She has been going through many changes since her divorce.

go through with

- finish, do as planned or agreed

He has decided to go through with his plans to go back to school.

go to one's head

- become conceited

He new position has really gone to his head and he won't speak to us any longer.

go to pieces

- lose your self-control

She went to pieces when she received the letter about her father's death.

go to pot

- deteriorate

The business has really gone to pot since he became president.

go to rack and ruin

- reach a very bad state of repair

The building has gone to rack and ruin since the new owners took over.

go to town

- work fast or hard, do something with much energy

They really went to town last night and finished painting the bedroom.

go up in smoke/flames

- burn or be destroyed by fire, fail, not come true (dreams)

His plans to open a new restaurant have gone up in smoke since he lost his job.

go without saying

- be so easy to see that it doesn't have to be mentioned

He is a hard worker so it goes without saying that his boss is very happy with him.

grasp at straws

- try something with little hope of succeeding, depend on something that is useless in a time of trouble

He is grasping at straws. He will never find enough money to pay next month's rent.

grass is always greener on the other side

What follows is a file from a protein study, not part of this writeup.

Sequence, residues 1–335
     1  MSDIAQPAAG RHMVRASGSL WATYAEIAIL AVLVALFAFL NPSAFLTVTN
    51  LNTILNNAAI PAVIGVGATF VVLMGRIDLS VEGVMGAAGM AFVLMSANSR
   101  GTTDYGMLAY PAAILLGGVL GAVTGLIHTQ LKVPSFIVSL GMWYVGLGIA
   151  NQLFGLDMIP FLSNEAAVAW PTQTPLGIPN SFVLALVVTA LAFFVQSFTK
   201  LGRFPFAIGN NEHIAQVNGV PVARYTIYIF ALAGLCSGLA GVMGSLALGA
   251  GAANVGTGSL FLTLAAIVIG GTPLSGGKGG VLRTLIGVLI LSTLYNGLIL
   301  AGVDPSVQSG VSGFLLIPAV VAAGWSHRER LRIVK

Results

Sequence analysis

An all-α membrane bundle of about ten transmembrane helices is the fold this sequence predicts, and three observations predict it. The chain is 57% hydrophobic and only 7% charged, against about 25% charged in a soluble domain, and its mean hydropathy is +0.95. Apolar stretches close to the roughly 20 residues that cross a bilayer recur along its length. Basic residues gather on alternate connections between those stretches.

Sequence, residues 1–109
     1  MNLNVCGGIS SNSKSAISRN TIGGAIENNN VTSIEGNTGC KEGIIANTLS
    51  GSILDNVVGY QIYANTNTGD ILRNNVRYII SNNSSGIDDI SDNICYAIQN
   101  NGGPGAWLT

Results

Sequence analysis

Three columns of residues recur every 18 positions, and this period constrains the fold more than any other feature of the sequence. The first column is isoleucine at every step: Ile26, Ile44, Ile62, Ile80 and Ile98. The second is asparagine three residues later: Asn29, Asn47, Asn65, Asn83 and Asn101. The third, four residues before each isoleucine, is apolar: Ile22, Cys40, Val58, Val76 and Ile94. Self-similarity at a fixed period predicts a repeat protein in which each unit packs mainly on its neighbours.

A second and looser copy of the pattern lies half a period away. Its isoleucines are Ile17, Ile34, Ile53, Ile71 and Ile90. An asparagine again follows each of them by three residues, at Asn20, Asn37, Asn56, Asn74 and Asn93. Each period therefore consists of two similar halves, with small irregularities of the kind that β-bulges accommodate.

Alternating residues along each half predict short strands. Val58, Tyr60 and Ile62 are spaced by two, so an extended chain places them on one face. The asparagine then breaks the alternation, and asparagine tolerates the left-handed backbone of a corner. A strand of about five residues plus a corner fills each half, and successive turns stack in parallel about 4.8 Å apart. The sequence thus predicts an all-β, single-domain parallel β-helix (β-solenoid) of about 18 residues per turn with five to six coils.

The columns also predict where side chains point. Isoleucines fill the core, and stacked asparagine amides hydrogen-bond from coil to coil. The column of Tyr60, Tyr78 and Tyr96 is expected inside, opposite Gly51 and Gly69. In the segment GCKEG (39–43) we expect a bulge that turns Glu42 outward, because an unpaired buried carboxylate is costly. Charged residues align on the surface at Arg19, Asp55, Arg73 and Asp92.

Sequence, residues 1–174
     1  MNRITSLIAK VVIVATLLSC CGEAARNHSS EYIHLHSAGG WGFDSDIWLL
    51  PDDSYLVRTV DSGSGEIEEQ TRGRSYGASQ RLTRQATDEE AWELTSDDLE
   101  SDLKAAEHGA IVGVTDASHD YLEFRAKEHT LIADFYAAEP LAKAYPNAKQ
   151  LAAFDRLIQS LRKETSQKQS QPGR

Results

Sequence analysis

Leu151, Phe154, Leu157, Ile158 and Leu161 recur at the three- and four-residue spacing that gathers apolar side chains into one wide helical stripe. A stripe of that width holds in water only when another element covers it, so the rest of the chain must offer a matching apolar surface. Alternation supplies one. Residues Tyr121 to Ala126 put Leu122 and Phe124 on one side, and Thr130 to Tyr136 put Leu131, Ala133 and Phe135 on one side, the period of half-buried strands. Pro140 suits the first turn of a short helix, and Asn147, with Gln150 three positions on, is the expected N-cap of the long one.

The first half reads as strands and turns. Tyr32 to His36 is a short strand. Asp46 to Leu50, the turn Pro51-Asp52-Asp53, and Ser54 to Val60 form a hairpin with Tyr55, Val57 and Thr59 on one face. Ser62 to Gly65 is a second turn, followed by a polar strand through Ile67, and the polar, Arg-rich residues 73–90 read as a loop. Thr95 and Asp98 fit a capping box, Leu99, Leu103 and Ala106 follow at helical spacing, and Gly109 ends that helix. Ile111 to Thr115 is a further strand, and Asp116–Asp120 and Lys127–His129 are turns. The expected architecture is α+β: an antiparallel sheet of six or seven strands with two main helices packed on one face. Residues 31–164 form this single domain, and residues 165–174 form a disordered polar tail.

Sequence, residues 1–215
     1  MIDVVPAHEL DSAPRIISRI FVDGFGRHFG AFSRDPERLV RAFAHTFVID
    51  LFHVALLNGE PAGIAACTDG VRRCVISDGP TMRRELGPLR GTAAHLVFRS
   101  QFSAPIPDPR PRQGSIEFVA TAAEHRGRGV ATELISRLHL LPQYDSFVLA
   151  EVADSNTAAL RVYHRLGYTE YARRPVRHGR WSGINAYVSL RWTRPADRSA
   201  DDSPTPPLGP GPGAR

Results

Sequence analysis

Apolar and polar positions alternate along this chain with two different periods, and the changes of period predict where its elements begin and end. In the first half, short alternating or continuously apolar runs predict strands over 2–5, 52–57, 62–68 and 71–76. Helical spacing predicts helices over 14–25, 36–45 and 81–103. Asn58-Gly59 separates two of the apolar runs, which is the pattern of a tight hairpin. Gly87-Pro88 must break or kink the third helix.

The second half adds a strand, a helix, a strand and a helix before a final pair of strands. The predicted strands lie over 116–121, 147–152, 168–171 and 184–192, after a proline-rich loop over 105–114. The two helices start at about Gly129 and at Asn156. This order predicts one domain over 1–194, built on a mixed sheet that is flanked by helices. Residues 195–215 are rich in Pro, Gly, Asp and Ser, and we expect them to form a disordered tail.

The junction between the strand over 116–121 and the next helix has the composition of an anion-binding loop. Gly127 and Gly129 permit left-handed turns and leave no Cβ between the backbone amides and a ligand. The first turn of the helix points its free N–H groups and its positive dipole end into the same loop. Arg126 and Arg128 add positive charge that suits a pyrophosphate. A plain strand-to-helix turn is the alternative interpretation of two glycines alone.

- a place or thing that is far away or different seems better than what we have or where we are

She is always moving or changing jobs as she thinks that the grass is always greener on the other side.

gravy train

- job that gives one a lot of money compared with what you do

The cleaning contract was really a gravy train. We only worked for 3 hours but we got paid for 8 hours.

grease one's palm

- give money or pay for some special favor

We had to grease the border guard's palm in order to enter the country.

greasy spoon

- a small, cheap eating place with basic but not-so-good food

We had to go to a greasy spoon for breakfast as all the other restaurants were closed.


- be inexperienced or immature

He is a little green and doesn't know the job very well.

green thumb

- skill in making plants grow

He has a real green thumb and has a beautiful garden.

green with envy

- very jealous, full of envy

The little girl was green with envy when she saw her friend's new bicycle.

grind to a halt

- slow down and stop (like a machine when it is turned off)

The city ground to a halt when the power went off for five hours.

ground floor

- the first or best chance - especially in a business

The video store was a good investment so I was happy to get in on the ground floor.

gum up

- cause not to work, ruin something, make something go wrong

The computer printer seemed to have become gummed up just as I was about to print my resume.

gun for someone

- look hard for a chance to harm or defeat someone

My supervisor has been gunning for me for a long time but I don't really know why.

gun for something

- try very hard to get (prize or promotion etc.)

He has been gunning for the new sales job for a long time.


- enthusiastic, full of eagerness

She is really gung-ho about her new job at the library.